WW2 #17: Medal of Honor: Warfighter

Less openly unethical, more just garbage

june gloom
3 min readApr 2, 2024

This review was originally posted to Twitter on October 7, 2018.

Wondering why this is on the WW2 list? Because it, like Battlefield, Call of Duty, and several other WW2 gaming franchises, eventually moved to a modern-day setting in an attempt to stay current. But they wouldn’t be here if the industry hadn’t been trying to piggyback on the popularity of late 90s war movies like Saving Private Ryan.

Initial release: October 5, 2012
Platform: PC, XBox 360, PlayStation 3
Developer: Danger Close

If there’s an ignominious end for a franchise, it’s attempting to rip off your biggest competitor and still failing to make bank. That’s even if you don’t fuck it up on a technical level, which, as far as Medal of Honor: Warfighter goes… ehhhhh.

I suppose by this point it’s been patched into a playable state, but there’s still some lingering issues, for example the game literally restarting before and after driving levels, of which there are two. Or my favorite: enemies randomly getting stuck in walls, barely visible. In one incident I was trying to figure out why my AI buddies weren’t advancing, and why they were all shooting at the wall. Then I noticed the pair of hands sticking out of it. After shooting the hands a bit, the next script triggered. Good job, Danger Close.

The AI, by the way, is fucking infuriating. Your buddies are awful goddamn shots, and also extremely inattentive, allowing bad guys to walk right past them and shoot you instead (because the enemy AI has designated you a prime target — a frustratingly common issue in shooters.) It doesn’t help that sometimes your cover is basically worthless. You can be shot through floors or objects by enemies that logically shouldn’t even be able to see you or know you’re there. This is on top of myriad smaller issues, like animation problems.

There’s an overall lack of polish that really ramps up the difficulty past tolerable levels, and there’s a real sense of joylessness to this game that even the already ethically compromised Medal of Honor 2010 doesn’t have; it feels like a by-the-numbers Modern Warfare clone. It would be forgettable if it wasn’t so memorably janky.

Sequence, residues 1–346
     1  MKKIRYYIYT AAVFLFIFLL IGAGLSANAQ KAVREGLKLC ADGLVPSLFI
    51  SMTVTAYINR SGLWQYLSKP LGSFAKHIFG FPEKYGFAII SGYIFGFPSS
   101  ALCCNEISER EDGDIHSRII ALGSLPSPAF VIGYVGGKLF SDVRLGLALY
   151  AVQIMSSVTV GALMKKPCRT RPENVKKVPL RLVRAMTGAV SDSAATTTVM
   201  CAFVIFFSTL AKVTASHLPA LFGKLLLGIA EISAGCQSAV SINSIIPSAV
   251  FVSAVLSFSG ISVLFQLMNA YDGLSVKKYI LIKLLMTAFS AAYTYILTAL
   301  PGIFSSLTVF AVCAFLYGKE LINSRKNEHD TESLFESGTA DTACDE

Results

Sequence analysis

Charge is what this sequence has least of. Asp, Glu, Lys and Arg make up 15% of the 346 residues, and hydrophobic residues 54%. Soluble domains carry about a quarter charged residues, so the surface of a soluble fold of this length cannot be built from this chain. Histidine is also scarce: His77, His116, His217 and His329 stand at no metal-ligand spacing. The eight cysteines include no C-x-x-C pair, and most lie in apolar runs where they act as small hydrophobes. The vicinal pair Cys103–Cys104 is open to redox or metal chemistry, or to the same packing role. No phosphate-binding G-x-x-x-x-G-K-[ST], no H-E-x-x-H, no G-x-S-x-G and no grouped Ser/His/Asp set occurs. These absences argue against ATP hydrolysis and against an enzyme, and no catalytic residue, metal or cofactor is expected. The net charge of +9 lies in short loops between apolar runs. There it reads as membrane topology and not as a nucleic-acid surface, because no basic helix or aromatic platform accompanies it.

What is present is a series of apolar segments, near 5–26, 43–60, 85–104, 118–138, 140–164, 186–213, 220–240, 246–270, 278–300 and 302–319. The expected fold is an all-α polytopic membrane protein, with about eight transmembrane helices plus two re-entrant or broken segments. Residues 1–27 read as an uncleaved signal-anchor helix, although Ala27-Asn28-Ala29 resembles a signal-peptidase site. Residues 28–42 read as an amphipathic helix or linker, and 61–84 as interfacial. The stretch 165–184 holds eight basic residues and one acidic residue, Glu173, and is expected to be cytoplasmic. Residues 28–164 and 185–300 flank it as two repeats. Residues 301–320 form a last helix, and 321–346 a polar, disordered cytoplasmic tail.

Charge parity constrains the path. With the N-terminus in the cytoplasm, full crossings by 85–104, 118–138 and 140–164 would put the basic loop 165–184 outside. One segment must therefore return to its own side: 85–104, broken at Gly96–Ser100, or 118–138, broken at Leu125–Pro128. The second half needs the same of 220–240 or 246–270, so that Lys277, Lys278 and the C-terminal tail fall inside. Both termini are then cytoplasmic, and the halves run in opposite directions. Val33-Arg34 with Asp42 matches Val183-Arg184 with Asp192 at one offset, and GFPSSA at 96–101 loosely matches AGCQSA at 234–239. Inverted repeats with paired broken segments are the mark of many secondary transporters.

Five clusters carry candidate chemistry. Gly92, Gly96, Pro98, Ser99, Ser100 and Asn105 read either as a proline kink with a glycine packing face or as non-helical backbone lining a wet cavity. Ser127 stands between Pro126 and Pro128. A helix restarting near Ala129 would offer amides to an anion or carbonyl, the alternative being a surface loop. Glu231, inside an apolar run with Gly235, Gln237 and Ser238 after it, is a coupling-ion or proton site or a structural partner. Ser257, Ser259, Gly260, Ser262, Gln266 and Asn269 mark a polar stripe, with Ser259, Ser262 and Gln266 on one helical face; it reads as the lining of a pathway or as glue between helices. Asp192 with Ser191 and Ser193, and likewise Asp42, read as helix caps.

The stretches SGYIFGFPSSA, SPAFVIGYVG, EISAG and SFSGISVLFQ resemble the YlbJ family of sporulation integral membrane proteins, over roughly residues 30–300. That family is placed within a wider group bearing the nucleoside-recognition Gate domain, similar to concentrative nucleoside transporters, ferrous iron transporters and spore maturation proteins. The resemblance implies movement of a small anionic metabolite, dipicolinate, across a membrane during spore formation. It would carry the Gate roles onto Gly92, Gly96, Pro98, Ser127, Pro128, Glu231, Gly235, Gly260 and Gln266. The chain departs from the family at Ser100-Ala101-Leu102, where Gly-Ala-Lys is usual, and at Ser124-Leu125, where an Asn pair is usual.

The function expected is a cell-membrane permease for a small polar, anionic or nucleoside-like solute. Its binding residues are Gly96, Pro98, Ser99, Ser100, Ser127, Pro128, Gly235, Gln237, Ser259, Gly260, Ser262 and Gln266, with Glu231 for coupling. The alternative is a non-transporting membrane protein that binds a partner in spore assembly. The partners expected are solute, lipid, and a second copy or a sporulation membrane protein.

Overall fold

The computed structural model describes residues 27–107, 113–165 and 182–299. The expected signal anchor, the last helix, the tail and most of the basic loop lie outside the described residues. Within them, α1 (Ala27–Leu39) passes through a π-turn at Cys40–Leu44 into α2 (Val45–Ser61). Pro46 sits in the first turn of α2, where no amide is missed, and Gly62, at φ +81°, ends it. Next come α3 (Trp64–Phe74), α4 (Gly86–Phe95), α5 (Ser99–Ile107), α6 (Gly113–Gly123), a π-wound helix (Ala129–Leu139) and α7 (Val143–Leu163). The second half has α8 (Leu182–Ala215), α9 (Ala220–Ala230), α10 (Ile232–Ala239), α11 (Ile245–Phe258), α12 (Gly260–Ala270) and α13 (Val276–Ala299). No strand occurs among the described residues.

While they sidestep the issue of setting it in a real-world conflict that people are still dying in, they still borrow from/re-enact a lot of real-world incidents like the Somalian pirates who hijacked that ship, or a hostage situation by Abu Sayyaf in the Philippines. These real-world incidents mostly serve as a backdrop of sorts for an otherwise fictional tale of tracking down the source of large quantities of explosives and exposing a massive bombing plot by a not-Osama villain. (And yes, the final level is a fictionalized re-enactment of the Osama raid.) In between all this is a bunch of guff about Preacher (one of the guys from Medal of Honor 2010) trying to juggle his responsibilities to his family with his duties as a Navy SEAL. It’s all very dramatic and I so don’t care, there’s been a hundred TV shows and movies with this premise. The Unit did it better. It’s like they looked at the response to the Afghanistan setting of the last game and realized borrowing from an ongoing conflict probably isn’t a good idea, but they tried to have it both ways by tying real-world incidents into a fictional plotline and it just seems worse that way.

I honestly can’t think of a more fitting end for the Medal of Honor franchise, a name that had so much promise and effectively launched an entire multi-million-dollar subgenre of shooter, before being driven into the ground early on, and has survived through sheer corporate cynicism, finally giving up and ripping off its competition wholesale and failing at that too.




june gloom

Media critic, retired streamer, furry. I love you. [she/her]